Separatists now controlling a number of village and state buildings around Donetsk are thought to total just a few hundred, according to Ukrainian officials and media reports. Ukrainian officials insist that the separatists have been trained and directed by as many as 100 Russian special forces. But those numbers are far fewer than local residents who support staying in Ukraine, analysts here believe.
Among those favoring Ukraine, apparently, is the country’s Muslim community, which is the largest religious minority in a country where most people are Christians. Said Ismagilov, who’s the top religious figure in the Religious Administration of Ukrainian Muslims, an organization that oversees Islamic religious matters, said the reasons are simple.
“We remember well what life was like for a Muslim in the Soviet Union, where we were outlawed and our leaders were hunted down,” he said. “It’s now Russia, and not the Soviet Union, but is there much difference? We don’t want that life again. Ukraine, to us, means freedom. Dictatorships destroy even our history.”
In the Islamic community, imams give weekly pro-Ukraine messages during Friday prayers, and many area Muslims have volunteered to work with groups spreading that message. Ismagilov took part in the driving tour Monday. He said he wasn’t injured, though his car sustained some damage.
“The route we took was probably a tactical error,” he said.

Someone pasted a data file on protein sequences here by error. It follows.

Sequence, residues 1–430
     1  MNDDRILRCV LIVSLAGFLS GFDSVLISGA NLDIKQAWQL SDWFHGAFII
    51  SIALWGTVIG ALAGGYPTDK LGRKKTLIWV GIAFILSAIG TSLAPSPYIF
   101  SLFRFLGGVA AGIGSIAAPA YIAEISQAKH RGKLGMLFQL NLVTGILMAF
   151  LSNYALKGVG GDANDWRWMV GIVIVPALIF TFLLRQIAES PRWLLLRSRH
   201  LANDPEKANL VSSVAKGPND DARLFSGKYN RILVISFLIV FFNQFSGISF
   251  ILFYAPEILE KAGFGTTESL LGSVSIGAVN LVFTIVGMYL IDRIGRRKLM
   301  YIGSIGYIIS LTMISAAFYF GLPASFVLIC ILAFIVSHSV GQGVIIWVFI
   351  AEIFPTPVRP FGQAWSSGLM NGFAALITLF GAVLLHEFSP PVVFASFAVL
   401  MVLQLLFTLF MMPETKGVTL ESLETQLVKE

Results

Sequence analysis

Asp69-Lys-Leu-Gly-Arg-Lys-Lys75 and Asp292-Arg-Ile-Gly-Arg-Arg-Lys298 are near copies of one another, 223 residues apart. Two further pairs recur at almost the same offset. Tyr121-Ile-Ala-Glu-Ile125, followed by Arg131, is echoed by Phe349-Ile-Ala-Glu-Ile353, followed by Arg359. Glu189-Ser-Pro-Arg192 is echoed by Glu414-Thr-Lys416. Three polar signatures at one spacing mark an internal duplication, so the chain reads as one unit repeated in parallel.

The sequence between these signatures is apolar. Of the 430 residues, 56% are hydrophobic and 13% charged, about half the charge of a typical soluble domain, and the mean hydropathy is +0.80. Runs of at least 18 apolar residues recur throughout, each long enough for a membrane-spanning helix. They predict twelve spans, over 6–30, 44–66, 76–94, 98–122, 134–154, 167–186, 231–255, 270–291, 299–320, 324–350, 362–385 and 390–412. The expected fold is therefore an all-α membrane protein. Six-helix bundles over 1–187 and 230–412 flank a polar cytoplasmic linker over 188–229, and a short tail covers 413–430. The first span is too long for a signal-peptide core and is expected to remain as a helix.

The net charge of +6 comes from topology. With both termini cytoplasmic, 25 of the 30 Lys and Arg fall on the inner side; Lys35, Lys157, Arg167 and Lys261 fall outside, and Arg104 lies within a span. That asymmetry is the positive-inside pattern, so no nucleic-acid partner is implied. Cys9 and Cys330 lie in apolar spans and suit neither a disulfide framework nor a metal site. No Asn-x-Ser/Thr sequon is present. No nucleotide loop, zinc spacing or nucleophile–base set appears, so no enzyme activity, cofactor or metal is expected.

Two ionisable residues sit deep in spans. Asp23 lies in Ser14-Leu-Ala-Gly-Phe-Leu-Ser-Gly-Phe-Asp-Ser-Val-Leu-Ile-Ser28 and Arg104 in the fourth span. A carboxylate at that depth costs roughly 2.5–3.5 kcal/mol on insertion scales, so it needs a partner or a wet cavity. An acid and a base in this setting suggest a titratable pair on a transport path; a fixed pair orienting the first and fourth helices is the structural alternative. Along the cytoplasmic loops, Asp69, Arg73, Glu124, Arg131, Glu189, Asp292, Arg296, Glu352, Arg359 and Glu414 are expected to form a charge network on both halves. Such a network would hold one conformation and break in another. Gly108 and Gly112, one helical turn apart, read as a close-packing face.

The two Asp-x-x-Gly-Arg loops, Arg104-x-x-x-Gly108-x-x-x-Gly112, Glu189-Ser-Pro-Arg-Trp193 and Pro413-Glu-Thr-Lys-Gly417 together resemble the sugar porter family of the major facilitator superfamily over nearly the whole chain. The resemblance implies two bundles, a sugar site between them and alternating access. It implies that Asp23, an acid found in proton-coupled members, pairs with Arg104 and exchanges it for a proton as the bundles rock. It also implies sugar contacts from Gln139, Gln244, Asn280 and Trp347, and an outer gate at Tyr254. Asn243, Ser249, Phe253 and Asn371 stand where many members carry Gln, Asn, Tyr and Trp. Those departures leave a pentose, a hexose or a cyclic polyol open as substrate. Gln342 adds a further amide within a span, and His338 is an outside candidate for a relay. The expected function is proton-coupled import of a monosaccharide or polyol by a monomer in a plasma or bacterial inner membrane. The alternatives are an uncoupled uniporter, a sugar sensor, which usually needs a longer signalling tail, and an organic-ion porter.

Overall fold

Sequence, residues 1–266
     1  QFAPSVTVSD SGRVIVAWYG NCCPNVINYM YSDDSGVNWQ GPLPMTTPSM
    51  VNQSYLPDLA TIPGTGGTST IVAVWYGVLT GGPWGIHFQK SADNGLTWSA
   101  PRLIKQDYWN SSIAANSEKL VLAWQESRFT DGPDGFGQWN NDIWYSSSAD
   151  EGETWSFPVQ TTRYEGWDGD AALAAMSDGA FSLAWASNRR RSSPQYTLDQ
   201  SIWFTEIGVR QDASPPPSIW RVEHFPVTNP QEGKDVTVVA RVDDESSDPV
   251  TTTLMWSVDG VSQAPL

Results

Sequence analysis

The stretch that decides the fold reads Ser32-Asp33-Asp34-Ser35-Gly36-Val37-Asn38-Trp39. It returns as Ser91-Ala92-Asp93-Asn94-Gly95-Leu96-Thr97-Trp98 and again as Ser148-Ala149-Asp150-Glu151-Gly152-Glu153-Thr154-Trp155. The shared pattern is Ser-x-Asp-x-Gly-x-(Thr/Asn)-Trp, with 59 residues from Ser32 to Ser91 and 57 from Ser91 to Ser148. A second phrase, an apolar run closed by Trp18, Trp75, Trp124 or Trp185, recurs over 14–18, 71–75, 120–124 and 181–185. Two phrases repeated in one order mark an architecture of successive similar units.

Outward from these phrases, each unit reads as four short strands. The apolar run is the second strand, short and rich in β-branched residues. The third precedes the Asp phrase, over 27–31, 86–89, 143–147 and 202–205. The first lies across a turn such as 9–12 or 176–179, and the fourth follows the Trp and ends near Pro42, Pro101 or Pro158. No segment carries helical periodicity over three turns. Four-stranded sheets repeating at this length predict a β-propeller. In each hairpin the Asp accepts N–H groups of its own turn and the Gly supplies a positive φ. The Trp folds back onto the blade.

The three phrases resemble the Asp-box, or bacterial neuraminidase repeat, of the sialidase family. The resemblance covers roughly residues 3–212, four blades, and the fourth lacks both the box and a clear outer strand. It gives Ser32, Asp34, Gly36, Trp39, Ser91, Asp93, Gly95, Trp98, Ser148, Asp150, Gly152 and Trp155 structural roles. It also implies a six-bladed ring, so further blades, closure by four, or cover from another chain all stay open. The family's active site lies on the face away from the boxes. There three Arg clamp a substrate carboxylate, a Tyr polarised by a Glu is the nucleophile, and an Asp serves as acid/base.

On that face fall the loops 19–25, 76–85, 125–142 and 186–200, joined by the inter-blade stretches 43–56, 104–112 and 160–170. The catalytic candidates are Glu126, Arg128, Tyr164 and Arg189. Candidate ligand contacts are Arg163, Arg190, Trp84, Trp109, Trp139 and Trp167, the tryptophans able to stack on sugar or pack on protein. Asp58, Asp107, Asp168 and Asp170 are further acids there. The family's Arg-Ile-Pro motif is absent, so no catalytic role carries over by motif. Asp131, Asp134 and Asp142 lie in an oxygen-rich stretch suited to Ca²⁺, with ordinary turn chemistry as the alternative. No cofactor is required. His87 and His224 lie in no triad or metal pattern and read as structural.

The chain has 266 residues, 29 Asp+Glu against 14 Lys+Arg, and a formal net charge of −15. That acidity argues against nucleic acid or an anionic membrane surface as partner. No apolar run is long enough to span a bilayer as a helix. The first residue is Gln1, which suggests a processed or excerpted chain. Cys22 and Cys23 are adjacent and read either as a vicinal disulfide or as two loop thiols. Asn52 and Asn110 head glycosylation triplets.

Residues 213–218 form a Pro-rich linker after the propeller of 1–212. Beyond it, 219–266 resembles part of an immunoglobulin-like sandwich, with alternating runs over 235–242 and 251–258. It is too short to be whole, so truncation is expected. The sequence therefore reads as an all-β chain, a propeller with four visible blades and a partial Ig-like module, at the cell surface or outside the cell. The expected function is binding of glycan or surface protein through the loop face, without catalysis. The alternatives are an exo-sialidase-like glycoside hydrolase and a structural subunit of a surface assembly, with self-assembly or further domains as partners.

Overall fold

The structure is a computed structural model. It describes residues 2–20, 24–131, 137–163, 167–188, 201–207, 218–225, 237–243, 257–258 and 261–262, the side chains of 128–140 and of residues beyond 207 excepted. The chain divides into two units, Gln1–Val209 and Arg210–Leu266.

The attack, after all, came on a major downtown street, a block from the Donetsk state administration building that pro-Russian separatists have occupied.
When the caravan had passed that same spot at the start of the tour, there had been a brief skirmish when a single pro-Russian young man had raced past three police officers at a traffic light and tried to rip a Ukrainian flag from a car window.
Those in the car pulled back, so he started beating on the car. A passenger opened a car door and sprayed what looked to be mace at him. As the man stumbled backward he tried to grab a flag from a second car, where a passenger grabbed the thick flagpole and whacked him on the head twice.
The caravan moved on, to both honks of support and shouts of derision, just as a group of three masked and several unmasked pro-Russia supporters neared the spot. Down the block at the administration building, more pro-Russians began moving toward the street, several in a weaving, stumbling run that seemed to indicate that the vodka they’d been drinking that afternoon had taken hold.
“When we came back by, they were waiting for us,” Ismagilov said.
“There weren’t that many of them, but they did a lot of damage,” Ismagilov said. “Still, that kind of sums up the situation here.”